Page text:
2016-02-11

    Modern radiotherapy techniques pose specific constraints in radiation-monitoring and dosimetry due to the occurrence of small radiation fields with high dose gradients, variation in space and time of the dose rate, variation in space and time of the beam energy spectrum. Novel devices coping with these strict conditions are needed. This paper reviews the most advanced technologies developed with silicon-based materials for clinical radiotherapy. Novel Si diodes as Pt-doped Si, epitaxial Si as well as thin devices have optimized performance, their response being independent of the accumulated dose, thus ensuring radiation tolerance and no need of recalibration. Monolithic devices based on segmented Si detectors can be easily tailored to optimize spatial resolution in the large active areas required in clinical radiotherapy. In particular, a monolithic device based on epitaxial p-type silicon, characterized by high spatial resolution and ability to directly measure temporal variations in dose modulation proved to be best viable solution for pre-treatment verifications in IMRT fields.

  4. Oral care of the cancer patient receiving radiation therapy

    Energy Technology Data Exchange (ETDEWEB)

    Holtzhausen, T. (Medical Univ. of Southern Africa, Pretoria (South Africa). Dept. of Community Dentistry)

    1982-07-01

    Radiation therapy is frequently being used for the patient with oral cancer. The survival rate is increasing, due to more effective treatment technique. The question of whether any teeth should be extracted, the mode of therapy and the side effects of radiation like Xerostomia, caries, stomatitis, trismus and osteo-radionecrosis and also post radiation care are discussed.

  5. Stereotactic Body Radiation Therapy for Pancreatic Cancer.

    Science.gov (United States)

    Goodman, Karyn A

    2016-01-01

    The role of radiation therapy in the management of pancreatic cancer represents an area of some controversy. However, local disease progression remains a significant cause of morbidity and even mortality for patients with this disease. Stereotactic body radiotherapy (SBRT) is an emerging treatment option for pancreatic cancer, primarily for locally advanced (unresectable) disease as it can provide a therapeutic benefit with significant advantages for patients' quality of life over standard conventional chemoradiation. There may also be a role for SBRT as neoadjuvant therapy for patients with borderline resectable disease to allow conversion to resectability. The objective of this review is to present the data supporting SBRT in pancreatic cancer as well as the potential limitations and caveats of current studies.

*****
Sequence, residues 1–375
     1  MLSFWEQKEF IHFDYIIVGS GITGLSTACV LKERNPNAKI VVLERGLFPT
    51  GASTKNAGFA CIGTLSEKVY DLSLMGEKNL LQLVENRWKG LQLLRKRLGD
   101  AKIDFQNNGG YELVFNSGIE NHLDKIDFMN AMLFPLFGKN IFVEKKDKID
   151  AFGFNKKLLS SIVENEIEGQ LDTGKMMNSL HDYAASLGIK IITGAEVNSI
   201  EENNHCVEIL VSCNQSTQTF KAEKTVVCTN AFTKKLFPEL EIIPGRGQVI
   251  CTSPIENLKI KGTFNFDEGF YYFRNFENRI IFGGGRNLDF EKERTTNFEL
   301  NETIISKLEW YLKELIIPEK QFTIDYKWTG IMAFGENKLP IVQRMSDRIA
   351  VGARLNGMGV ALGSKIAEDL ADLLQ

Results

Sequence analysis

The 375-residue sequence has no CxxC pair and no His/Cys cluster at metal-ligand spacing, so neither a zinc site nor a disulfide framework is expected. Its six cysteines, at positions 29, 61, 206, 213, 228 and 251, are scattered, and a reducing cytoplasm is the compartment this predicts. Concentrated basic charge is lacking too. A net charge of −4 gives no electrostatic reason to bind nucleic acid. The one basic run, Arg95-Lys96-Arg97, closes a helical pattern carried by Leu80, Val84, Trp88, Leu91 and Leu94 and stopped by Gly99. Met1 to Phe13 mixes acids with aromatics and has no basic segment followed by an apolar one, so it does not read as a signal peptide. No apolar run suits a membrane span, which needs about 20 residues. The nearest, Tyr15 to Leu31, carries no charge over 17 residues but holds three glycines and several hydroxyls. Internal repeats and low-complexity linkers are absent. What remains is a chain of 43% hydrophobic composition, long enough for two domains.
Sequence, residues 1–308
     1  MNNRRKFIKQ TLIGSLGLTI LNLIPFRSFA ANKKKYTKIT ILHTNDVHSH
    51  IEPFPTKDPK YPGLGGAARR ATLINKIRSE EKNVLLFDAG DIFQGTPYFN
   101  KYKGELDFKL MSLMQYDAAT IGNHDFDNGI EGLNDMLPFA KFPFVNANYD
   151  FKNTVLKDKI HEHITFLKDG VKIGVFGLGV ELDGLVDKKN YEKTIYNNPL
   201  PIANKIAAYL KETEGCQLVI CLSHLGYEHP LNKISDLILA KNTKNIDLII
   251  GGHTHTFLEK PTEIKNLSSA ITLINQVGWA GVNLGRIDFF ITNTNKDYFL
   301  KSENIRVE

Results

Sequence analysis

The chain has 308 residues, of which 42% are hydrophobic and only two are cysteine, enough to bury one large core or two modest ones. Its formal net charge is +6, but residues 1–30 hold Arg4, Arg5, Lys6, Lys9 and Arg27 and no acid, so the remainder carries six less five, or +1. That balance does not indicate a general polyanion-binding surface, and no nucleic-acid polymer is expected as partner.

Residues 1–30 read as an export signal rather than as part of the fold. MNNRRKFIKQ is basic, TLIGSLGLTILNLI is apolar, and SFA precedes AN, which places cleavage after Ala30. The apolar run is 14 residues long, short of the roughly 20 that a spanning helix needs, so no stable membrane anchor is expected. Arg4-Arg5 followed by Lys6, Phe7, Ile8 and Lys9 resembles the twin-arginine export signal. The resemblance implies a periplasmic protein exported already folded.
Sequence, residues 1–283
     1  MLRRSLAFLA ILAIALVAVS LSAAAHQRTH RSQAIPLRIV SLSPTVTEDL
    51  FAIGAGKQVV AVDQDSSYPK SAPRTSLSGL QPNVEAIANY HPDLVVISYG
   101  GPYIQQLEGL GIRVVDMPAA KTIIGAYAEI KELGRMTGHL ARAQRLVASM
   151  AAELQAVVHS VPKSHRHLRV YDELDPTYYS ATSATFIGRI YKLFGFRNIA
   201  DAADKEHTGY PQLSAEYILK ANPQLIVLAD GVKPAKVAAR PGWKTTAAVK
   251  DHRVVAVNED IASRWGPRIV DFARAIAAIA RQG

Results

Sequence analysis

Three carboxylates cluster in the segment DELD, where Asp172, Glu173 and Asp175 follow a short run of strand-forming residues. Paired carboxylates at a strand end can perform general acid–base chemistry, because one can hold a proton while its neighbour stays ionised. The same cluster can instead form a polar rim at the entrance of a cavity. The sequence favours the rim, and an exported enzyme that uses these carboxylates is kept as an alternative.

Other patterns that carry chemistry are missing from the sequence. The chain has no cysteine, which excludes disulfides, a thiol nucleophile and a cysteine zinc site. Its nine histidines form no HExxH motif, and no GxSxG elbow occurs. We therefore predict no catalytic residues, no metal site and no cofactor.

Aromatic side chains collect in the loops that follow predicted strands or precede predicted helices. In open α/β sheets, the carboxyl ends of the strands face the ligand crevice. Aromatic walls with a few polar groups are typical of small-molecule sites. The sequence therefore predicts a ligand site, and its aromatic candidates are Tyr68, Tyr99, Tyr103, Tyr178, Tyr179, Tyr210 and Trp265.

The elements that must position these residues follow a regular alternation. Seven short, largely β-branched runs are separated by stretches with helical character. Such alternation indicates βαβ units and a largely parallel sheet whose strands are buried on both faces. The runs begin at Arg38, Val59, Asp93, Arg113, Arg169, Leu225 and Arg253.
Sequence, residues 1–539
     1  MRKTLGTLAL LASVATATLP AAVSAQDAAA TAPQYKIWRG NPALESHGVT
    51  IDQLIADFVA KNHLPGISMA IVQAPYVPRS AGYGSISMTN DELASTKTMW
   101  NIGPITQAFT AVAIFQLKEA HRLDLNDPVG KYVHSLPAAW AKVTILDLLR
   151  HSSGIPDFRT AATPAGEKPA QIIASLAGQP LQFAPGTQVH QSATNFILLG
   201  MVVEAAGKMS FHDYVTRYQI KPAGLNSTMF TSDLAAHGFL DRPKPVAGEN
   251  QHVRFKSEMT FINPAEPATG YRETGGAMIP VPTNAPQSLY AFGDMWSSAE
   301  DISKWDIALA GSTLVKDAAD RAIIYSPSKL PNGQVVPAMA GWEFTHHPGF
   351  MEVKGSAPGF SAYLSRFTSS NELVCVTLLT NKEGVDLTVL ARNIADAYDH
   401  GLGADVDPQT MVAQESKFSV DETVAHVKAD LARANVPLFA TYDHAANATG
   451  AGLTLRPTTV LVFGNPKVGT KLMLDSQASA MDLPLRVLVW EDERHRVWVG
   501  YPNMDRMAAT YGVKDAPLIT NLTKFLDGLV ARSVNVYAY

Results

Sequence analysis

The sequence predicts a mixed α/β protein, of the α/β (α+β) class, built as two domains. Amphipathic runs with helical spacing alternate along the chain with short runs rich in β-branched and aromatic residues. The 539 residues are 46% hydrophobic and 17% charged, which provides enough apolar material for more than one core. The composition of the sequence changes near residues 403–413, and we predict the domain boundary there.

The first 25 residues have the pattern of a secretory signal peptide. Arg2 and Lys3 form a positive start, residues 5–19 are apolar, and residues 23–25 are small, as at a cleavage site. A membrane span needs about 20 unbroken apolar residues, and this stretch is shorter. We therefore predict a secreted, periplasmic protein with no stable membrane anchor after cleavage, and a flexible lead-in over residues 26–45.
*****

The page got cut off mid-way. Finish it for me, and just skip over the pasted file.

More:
6. Mapping the literature of radiation therapy.

    Science.gov (United States)

    Delwiche, Frances A

    2013-04-01

    This study characterizes the literature of the radiation therapy profession, identifies the journals most frequently cited by authors writing in this discipline, and determines the level of coverage of these journals by major bibliographic indexes. Cited references from three discipline-specific source journals were analyzed according to the Mapping the Literature of Allied Health Project Protocol of the Nursing and Allied Health Resources Section of the Medical Library Association. Bradford's Law of Scattering was applied to all journal references to identify the most frequently cited journal titles. Journal references constituted 77.8% of the total, with books, government documents, Internet sites, and miscellaneous sources making up the remainder. Although a total of 908 journal titles were cited overall, approximately one-third of the journal citations came from just 11 journals. MEDLINE and Scopus provided the most comprehensive indexing of the journal titles in Zones 1 and 2. The source journals were indexed only by CINAHL and Scopus. The knowledgebase of radiation therapy draws heavily from the fields of oncology, radiology, medical physics, and nursing. Discipline-specific publications are not currently well covered by major indexing services, and those wishing to conduct comprehensive literature searches should search multiple resources.

  7. Mapping the literature of radiation therapy

    Science.gov (United States)

    Delwiche, Frances A.

    2013-01-01